2. It's funny, but I looked at your header picture a few days ago... and loved it... and you are cantering! You look 'at one' with Rosie in the picture. But, now that you say this, when I look at the picture again, I'm wondering if the straight back and the forward gaze are from tension! Oh... and a third look; look at Rosie's ears!
    I'm thinking that strength and balance will help.. if nothing but to build confidence!
    I'll be interested in hearing how things go. I have similar issues with my horses. Neither of them canter well.

  3. TOTALLY been there, just now getting through it. Can you try to transition to canter in a two-point, so your weight isn't on her back? I know a lot of green horses take to that better. If you're a bit shaky in your two-point, can someone lunge you on a different horse so you can practice? Does she lunge well at the canter? That might help her build her balance, too.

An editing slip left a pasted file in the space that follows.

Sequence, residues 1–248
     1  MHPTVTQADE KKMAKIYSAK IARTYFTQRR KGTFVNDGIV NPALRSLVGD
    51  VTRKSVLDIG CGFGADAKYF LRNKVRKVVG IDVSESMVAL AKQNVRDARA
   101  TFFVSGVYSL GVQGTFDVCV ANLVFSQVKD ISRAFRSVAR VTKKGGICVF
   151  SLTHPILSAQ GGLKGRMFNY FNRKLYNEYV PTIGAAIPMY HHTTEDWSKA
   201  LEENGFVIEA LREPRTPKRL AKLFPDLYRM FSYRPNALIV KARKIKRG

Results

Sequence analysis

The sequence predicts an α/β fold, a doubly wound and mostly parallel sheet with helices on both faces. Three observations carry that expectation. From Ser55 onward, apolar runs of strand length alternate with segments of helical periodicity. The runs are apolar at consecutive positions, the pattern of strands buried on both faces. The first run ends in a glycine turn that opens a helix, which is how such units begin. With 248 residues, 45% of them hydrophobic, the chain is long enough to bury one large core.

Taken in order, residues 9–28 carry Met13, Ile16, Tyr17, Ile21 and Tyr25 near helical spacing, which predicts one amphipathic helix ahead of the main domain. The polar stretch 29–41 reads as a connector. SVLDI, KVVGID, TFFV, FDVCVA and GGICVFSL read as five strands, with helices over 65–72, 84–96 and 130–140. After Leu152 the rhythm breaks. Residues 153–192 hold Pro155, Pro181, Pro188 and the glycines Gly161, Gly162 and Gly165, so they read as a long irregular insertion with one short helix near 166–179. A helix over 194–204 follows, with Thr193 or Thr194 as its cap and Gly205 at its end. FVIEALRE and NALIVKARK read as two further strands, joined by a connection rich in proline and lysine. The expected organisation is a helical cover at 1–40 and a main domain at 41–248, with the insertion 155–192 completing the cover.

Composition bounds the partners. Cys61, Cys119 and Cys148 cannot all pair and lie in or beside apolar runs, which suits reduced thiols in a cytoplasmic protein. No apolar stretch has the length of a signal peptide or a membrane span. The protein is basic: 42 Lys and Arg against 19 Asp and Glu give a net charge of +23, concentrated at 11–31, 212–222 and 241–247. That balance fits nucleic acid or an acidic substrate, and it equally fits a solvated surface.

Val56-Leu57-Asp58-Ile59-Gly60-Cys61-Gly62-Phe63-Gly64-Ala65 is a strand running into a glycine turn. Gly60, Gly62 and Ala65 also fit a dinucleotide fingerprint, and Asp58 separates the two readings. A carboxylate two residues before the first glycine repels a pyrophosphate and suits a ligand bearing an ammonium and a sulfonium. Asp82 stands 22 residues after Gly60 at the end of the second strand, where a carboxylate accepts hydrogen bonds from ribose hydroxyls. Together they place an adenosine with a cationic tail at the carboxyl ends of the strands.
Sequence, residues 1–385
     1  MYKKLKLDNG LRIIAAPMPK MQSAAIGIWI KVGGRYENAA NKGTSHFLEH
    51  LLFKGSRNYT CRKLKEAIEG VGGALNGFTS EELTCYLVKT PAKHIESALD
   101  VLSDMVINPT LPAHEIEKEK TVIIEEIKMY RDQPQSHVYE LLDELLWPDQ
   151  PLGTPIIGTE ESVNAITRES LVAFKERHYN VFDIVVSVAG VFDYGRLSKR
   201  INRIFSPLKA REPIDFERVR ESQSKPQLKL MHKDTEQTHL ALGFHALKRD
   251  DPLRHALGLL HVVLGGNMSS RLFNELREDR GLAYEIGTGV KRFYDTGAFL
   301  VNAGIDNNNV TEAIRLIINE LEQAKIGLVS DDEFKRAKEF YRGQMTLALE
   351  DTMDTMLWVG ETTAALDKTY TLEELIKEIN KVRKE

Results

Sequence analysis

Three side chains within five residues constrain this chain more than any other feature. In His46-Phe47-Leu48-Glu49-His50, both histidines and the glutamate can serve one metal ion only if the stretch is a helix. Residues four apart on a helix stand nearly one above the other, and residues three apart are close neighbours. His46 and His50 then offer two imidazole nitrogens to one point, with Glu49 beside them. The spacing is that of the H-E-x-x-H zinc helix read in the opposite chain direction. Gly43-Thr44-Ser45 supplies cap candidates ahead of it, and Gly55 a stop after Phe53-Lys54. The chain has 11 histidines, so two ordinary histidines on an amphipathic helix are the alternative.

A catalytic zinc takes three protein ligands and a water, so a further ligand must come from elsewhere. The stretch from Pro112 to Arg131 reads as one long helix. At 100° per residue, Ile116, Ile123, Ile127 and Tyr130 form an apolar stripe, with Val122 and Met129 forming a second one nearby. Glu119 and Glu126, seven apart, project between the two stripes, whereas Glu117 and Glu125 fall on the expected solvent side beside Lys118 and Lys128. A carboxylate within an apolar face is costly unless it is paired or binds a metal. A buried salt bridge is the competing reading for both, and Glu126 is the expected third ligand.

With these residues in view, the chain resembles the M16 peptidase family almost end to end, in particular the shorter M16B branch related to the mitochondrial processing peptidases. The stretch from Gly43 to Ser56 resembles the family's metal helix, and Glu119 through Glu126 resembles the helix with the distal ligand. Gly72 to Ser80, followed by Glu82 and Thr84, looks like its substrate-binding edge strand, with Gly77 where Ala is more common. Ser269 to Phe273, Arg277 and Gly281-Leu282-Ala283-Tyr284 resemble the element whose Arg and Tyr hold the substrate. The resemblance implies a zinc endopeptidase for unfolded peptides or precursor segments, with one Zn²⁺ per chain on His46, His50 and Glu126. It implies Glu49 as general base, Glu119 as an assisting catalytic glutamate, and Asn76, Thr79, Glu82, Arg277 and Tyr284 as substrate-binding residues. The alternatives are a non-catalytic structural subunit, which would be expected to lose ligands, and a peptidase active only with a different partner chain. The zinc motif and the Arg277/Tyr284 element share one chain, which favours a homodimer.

4. I like your plan. As I was reading your post I was thinking how we train our horses to get used to something scary. We take them to the edge of their fear bubble and one step in and we back off to let them relax and think about it. We do that many, many times and, over time their fear bubble gets smaller and smaller.

    I think your plan will do the same thing for you. Don't try to burst your fear bubble all at once. Do what you're planning to step one foot into the bubble and then back off to relax. I also like that you're going to do fun, relaxing things with Rosie that don't approach your fear bubble. It sounds as if you need to restore your relationship with her.

    Most of all, be patient with yourself. And God bless.